When you’re not a graphic designer, deciding which colour mode and printing method is best to use can be overwhelming. All of those acronyms become confusing and telling the difference between colour palettes can be difficult. So we’ve put together an easy to use guide to help you navigate the exciting world of colour!
CMYK stands for cyan, magenta, yellow and black. These four base colours that are used in different quantities and combinations to create a series of colours seen in print. This colour mode is created by adding colour to a white page to make the page darker. When certain combinations of these colours are mixed, red, green, yellow and a variety of other shades are created.
This is often the standard colour mode used in inkjet based home and office printers as well as larger industrial printers. When using the CMYK colour mode on an industrial printer, each shade is added to the page one at a time and layered over one another to create a full spectrum of colours in the image.
RGB stands for red, green and blue. The three primary colours which create the colour mode that is used on screens and digital devices. The various combinations of these colours can create a more expansive range of shades than the CMYK mode. The process of RGB colouring is the opposite to that of CMYK. The colours are added to a black page (or screen) to add coloured light to an image.
Most images seen on a screen use the RGB colour mode, however when we print, the colours are created based on the CMYK colour mode. This means the image you see on your screen may look quite different when it comes out on paper. It is possible to convert the colour mode of your image from RGB to CMYK and vice versa, but this may result in unexpected colours when your prints return. The best way to avoid this is by creating your image in the correct colour mode from the start. However simply due to the changing surface on which you’re viewing these colours, a screen and then a piece of paper, the hues will never exactly match.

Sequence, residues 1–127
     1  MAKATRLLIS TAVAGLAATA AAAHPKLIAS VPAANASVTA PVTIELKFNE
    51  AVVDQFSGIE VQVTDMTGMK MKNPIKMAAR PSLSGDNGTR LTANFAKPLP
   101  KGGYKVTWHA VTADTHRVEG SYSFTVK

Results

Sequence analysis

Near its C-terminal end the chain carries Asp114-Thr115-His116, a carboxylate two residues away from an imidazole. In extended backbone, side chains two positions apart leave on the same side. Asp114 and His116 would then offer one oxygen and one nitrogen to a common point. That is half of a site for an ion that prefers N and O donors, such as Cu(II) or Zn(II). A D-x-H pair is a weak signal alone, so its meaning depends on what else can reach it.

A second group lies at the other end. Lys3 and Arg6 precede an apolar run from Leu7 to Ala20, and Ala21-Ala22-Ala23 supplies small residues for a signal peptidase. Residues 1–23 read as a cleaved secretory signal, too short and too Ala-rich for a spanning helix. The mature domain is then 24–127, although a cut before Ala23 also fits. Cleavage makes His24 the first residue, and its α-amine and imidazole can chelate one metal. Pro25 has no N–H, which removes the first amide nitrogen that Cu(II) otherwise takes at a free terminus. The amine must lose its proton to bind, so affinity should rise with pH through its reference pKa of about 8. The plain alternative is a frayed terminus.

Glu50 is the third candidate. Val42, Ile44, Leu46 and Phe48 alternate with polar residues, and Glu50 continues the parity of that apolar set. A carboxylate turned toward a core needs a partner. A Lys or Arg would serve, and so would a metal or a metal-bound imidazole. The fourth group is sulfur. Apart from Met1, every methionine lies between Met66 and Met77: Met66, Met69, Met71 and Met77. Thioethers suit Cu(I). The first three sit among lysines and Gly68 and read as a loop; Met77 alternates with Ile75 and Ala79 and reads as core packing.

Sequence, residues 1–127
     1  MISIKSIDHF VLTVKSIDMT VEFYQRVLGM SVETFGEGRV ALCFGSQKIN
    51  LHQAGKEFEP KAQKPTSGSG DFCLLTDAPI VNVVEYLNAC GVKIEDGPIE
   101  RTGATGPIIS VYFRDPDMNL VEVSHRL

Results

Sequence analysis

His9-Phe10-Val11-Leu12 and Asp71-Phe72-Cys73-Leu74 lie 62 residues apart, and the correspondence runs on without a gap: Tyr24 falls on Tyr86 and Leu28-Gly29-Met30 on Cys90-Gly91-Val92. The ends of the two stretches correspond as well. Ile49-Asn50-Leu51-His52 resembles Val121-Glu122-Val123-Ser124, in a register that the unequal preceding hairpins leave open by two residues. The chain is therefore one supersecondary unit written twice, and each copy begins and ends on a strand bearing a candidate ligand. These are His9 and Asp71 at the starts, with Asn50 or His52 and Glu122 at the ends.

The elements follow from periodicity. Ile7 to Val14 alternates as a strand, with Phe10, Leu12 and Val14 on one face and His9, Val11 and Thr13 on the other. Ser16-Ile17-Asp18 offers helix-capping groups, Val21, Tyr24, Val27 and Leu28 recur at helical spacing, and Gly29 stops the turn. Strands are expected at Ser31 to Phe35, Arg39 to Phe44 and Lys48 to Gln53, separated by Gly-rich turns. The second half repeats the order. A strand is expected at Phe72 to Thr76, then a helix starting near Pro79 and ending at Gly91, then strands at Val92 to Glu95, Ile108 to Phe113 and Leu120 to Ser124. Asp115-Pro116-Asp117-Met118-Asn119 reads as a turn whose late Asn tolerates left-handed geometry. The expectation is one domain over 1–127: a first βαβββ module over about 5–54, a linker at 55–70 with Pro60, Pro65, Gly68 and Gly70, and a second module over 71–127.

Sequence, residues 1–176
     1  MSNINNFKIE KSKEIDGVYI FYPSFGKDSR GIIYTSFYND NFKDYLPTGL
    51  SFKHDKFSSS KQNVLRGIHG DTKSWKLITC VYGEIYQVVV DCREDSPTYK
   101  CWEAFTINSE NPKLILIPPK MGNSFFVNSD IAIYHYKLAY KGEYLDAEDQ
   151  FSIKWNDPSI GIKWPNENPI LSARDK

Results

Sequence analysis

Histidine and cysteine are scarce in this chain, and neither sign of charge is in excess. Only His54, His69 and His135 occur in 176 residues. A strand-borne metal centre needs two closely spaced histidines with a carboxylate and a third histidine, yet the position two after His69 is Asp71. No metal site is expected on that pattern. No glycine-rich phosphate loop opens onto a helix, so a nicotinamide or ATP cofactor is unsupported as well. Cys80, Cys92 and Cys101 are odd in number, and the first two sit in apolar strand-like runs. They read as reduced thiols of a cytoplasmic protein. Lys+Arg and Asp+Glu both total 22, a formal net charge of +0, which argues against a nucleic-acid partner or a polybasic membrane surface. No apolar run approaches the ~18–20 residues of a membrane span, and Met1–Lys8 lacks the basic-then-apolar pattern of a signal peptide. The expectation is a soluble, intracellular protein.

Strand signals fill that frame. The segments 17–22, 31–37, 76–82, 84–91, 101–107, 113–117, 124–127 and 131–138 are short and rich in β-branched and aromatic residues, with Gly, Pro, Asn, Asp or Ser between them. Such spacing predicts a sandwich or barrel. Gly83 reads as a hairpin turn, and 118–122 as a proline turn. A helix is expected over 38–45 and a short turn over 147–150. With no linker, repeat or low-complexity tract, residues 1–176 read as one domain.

Unlike CMYK and RGB, Pantone Matching System is a numbered system, where the precise colour you’re using has a specific number that can be matched by any printer equipped to print Pantone. Rather than layering primary colours to create secondary colours, Pantone offers a wide range of colour swatches that can be accurately replicated again and again.
The method for Pantone printing is called spot printing. Similar to CMYK printing, spot printing is done one colour at a time. However in this case, the colours don’t need to be mixed or layered, as the exact shade of ink has already been specifically blended and programmed for your printing needs. The best way to view the variety of Pantone colours available is from a Pantone Colour Swatch Book. The only way to see a true pantone colour is on paper, as every screen will show the shades differently.
So which colour mode is best?
Pantone Matching System is a much more accurate and consistent colour mode. The variety of colours is far greater than that of CMYK. However because of the need to program each print specifically to the colour palette of the design, the Pantone system is more costly than a standard CMYK print, especially in small batches.
CMYK prints are cheaper and recommended when the exact colouring of a printed document isn’t a concern. Also, unlike with CMYK, the RGB colour mode can not be automatically converted to a Pantone mode. The colours have to be hand-selected to best match your image as it’s converted from the screen to the page.
Overall, the best type of colour mode depends on the printing job. When printing images for your brand, a unique and precise colour palette, created through Pantone, that is consistent across all of your marketing and collateral media is worth the investment.